Big-time investors, especially those that bet on the profitability of turning around import LNG terminals, look at delivered LNG prices in regional markets, where they are currently (August 2013) running at $15/mn BTU in east Asia for a margin of $4.40/mn BTU, given delivered costs of $10.60/mn BTU, according to Cheniere Energy, the majority owner and operator of the Sabine Pass Terminal project.
The margin in the European market comes out at $3.40/mn BTU, given the delivered price of $12 and costs of $8.40. Cheniere Energy estimates delivered costs in the Americas at $8.10/mn BTU for a margin of $6.90/mn BTU, given current regional prices of $15/mn BTU. The cutting-edge advantage for US LNG terminals delivering to markets in the Americas is shipping costs that are roughly six times less than those to Asia and half those for deliveries to Europe.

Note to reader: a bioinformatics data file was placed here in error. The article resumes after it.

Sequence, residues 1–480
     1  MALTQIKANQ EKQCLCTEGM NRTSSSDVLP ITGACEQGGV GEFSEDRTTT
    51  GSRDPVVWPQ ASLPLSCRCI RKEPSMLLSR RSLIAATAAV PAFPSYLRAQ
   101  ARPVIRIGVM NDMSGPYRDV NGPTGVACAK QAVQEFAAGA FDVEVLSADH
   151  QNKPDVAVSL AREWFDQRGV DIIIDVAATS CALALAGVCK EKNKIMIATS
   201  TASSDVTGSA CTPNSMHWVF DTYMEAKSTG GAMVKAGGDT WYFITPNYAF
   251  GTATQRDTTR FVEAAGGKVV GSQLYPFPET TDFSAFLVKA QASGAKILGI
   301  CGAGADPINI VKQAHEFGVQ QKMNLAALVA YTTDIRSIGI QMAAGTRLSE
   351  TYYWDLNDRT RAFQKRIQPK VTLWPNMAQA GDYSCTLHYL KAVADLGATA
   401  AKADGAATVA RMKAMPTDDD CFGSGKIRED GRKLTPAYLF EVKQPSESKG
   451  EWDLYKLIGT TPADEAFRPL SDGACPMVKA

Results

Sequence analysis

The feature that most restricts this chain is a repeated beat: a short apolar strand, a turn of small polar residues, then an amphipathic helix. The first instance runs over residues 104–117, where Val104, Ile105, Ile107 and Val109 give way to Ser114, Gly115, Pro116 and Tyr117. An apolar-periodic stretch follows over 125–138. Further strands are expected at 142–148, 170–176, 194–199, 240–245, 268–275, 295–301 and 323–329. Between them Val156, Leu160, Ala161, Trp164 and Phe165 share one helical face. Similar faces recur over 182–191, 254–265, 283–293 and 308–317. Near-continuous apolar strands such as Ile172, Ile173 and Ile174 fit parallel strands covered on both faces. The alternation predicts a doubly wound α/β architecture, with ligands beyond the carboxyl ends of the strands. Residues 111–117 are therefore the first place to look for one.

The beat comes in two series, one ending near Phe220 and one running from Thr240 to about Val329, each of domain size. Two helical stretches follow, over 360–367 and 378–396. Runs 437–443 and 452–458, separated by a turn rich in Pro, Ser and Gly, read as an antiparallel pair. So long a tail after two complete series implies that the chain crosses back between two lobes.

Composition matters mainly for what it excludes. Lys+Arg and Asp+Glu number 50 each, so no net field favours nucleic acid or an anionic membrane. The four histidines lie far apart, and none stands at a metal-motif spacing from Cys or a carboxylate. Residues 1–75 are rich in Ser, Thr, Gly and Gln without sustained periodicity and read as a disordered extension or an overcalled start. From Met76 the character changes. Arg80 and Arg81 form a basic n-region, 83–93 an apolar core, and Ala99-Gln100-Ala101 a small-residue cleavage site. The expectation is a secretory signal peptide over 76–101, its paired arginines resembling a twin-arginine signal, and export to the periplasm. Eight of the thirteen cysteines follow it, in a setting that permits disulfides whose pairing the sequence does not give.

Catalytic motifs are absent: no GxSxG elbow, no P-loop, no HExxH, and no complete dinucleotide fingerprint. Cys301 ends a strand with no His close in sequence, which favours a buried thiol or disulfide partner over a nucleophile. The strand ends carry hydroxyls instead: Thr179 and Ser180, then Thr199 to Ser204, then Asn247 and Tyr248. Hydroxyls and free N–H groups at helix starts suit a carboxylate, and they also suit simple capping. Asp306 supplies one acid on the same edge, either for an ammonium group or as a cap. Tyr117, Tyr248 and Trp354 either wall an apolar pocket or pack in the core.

In short, the LNG terminal conversion in itself appears to be sound. The weak link is the shale gas market, which is new and poses as of yet unknown risks. If it can be sustained at current $4/mn BTU prices for the US Henry Hub gas marker, or if regional prices rise with rising LNG demand in energy-poor countries, thereby raising break-even wellhead prices of shale gas in the United States, the birth of a giant new LNG export industry in the United States would be assured.
Missing in our narrative is a detailed discussion about the short-term outlook for the development of US shale oil and an in-depth analysis regarding long-term prospects for both the US shale oil and shale gas. This would include a discussion of different approaches that have been used by principal players in assessing the new resource, and where the evaluation of reserves has been completely changed.